The smell of buffalo chicken dip bubbling in the slow cooker meets the sweet crackle of your partner opening a White Claw and a Bud heavy as you flip on the TV. The back of your jersey creases as you lean back on the couch and smile – it’s here.
67% of American adults tune in to watch the Big Game.
To most, it’s a pretty special Sunday steeped in tradition. To advertisers, it’s a downright holiday. We make bingo cards with squares like “I pitched that concept and it got killed” and “Made me wish I work at W+K for the 3rd time tonight.” Slack is at the ready for live critiquing with coworkers. And for those of us who are also football fans, we’re in for a long night of deciding which two minutes we can sacrifice for a bathroom break.
Ad inventory was slower to sell than years past, but still virtually sold out, with many spots going to first-timers. This small sign of positivity is something the ad industry wasn’t sure would materialize after everything that’s happened since LIV. But, while the still-high price tags make 2021 look like a normal year for Big Game advertising, it by no means is. Brands always try to craft ads that will resonate with something deep in the psyche of American consumers, but that’s easier said than done following 2020.
Consumers are wearing their emotions on their sleeves (and their internet behavior). Their habits, behaviors, and opinions have moved like tectonic plates since March, on a scale from slight murmurs to major social earthquakes. The line between an authentic and a tone-deaf ad will be thinner than the blades of grass on the field. Now more than ever, advertisers must deeply understand the 150 million Americans who are likely to tune in.
Meet Your Audience
Big Game watchers are 52% male, and their ages and household incomes are both evenly spread across the board.
As many will be watching with just their household this year, who does that involve? 58% of these fans are married and 31% are single. 58% have no children under 18, while 39% have 1-3 kids running around and asking to stay up for the halftime show.
The personal values driving this group’s everyday decisions and purchases are:
- Pleasure – enjoying life’s pleasures
- Stimulation – living a life full of excitement, novelties, and challenges
- Dependability – being reliable and trustworthy
As for the products they buy, the Resonate Ignite Platform™ shows these consumers have the following purchase drivers:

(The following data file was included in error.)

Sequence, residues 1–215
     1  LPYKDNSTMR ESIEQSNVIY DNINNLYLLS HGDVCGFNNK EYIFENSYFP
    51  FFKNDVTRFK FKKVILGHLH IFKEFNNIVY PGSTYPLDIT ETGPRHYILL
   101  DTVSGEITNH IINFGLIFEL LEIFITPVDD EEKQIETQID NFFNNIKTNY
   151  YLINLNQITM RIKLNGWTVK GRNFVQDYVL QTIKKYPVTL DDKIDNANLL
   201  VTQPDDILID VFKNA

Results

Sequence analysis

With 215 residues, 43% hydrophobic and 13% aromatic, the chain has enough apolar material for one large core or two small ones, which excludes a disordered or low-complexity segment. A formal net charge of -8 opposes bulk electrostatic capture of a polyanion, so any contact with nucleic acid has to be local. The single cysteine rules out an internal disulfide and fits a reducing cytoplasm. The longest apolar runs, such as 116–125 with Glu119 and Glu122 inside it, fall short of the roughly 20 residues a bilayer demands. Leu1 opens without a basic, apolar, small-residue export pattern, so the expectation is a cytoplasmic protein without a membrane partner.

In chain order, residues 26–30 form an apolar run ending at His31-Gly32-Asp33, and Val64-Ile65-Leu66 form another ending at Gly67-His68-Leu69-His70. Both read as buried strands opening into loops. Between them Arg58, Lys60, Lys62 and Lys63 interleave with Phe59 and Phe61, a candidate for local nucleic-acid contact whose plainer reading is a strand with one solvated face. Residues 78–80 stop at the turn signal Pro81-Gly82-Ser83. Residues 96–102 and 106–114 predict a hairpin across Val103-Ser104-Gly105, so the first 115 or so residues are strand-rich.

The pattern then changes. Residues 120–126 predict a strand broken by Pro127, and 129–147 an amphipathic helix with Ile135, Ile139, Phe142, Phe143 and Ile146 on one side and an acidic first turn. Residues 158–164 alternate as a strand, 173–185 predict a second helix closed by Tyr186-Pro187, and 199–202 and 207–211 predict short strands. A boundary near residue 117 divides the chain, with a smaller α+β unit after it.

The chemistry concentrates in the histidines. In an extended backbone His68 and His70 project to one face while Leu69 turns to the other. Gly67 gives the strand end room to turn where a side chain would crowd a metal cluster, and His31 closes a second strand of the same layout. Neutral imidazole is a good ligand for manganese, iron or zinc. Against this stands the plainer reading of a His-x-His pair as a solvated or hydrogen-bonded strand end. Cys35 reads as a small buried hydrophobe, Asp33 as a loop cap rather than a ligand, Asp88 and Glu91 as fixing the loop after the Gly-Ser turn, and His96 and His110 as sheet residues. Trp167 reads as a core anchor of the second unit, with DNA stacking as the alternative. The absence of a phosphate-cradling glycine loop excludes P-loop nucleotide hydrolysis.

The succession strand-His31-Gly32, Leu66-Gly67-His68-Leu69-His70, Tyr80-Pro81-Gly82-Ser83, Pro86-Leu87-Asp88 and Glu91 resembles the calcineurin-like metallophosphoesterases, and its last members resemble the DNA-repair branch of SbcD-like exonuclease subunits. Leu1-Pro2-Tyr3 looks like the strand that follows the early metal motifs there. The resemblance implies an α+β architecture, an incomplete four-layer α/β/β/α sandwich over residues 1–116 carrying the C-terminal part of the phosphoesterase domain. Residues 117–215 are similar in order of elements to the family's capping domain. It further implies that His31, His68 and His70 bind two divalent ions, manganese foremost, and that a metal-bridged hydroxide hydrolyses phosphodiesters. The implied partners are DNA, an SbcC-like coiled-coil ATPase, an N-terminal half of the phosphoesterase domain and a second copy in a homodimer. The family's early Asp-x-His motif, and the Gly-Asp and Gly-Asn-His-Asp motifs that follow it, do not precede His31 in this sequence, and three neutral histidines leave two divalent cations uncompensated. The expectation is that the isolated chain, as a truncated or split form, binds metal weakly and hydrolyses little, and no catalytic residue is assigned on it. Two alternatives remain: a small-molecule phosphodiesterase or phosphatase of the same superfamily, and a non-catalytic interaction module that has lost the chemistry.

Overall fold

Insight 1: They’re itching to return to their active lifestyles
As vaccines become widely available (and PSA campaigns work to get vaccine-resistant Americans on board), this group will be among the first buying tickets to events.
In their free time, compared to the average American, these folks are:
- 68% more likely to enjoy going to the movies – cinematic style ads with a rich plot could hit the spot
- 63% more likely to attend professional sporting events
- 62% more likely to cite Asics as one of their top brands, 38% for Patagonia
- 41% more likely to go to theme parks
- 36% more likely to travel internationally, 25% domestically
- 35% more likely to compete on a sports team
- 33% more likely to enjoy going to museums
- 31% more likely to gamble/go to casinos
Sports fan are active? Groundbreaking, we know, but still a good reminder for brands in this category to play up the perks of an active lifestyle.
Insight 2: They’re politically perceptive
With the rise of consumer activism and demand for corporate civic responsibility, more brands have used their multi-million-dollar media space to make a statement to a captivated audience. While pleasing everyone is a moot endeavor, brands looking to make a politically charged statement should keep in mind where this audience stands.
Politically, these fans are:
- 14% more likely to fall into the Left-Wing Loyalists voter segment
- 7% more likely to be Persuadable Progressives
- 4% more likely to be Absolute Activists
- 2% more likely to be America-First Populists
And they prefer companies that:
- Provide safe products
- Support the community
- Have truthful ads
After a tumultuous election year, political messaging will surely make it into this game’s ads. This audience will likely be perceptive to this as they’re active in politics – they’re 11% more likely to frequently vote in non-presidential elections.
Insight 3: Their media preferences outside of football are varied
Outside of the Big Game, here’s a peek at the media this audience likes to consume, compared to the average American adult.
Will the heartstring-pull work after a year like 2020?
Following the slew of “we’re in these unprecedented times together” ads of spring 2020, will ads that strike a similar tone be met with diverted, rolling, or welling eyes? Questions like these can be answered when you have access to fresh data that goes deep into the values, habits, motivations, and aspirations that make them who they are.
The Resonate Ignite Platform™ has 13,000+ of these insights scaled with AI to over 200 million consumer profiles, ready for you to analyze for the audience you’d like to reach. Request a demo to see it in action.